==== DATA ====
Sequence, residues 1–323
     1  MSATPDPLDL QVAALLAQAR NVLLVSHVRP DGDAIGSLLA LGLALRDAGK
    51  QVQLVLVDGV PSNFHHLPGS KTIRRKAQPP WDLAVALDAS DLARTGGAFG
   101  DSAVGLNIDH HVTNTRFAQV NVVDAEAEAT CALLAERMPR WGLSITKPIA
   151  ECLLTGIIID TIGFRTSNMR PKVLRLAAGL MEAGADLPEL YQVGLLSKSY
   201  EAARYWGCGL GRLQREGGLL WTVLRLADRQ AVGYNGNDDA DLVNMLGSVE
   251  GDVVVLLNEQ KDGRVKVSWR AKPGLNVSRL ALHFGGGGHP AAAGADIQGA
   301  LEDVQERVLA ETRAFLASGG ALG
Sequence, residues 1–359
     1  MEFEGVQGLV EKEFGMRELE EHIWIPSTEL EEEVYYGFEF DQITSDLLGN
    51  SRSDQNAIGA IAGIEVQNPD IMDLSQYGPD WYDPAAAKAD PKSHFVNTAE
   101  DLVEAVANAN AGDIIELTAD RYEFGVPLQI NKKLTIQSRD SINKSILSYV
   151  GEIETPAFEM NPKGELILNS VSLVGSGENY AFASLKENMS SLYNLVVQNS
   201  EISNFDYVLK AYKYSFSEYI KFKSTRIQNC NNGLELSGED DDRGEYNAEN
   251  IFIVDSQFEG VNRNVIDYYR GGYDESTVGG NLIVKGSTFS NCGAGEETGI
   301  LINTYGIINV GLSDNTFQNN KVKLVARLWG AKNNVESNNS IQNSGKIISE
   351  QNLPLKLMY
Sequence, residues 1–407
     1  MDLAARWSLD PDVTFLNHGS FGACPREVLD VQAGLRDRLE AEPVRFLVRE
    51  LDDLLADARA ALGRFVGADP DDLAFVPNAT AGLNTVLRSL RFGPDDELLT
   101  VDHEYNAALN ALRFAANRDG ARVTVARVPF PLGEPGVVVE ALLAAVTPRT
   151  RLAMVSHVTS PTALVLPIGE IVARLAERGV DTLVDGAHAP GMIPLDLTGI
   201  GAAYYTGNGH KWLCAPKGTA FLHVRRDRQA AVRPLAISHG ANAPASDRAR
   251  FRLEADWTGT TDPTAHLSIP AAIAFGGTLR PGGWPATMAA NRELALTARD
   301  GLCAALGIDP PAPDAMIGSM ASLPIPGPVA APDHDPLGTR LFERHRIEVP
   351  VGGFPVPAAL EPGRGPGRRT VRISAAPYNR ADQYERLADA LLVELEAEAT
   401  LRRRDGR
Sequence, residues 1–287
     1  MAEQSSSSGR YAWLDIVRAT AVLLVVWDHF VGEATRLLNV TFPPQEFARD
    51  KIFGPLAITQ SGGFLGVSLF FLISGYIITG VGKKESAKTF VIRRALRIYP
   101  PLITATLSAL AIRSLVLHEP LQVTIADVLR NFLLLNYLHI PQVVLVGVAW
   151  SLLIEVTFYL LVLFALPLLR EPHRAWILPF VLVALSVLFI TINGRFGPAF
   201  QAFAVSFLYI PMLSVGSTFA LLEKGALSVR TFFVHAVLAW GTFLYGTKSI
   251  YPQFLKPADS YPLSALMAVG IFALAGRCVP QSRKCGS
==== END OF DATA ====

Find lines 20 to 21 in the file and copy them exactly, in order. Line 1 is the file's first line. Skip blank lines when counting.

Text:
    51  LDDLLADARA ALGRFVGADP DDLAFVPNAT AGLNTVLRSL RFGPDDELLT
   101  VDHEYNAALN ALRFAANRDG ARVTVARVPF PLGEPGVVVE ALLAAVTPRT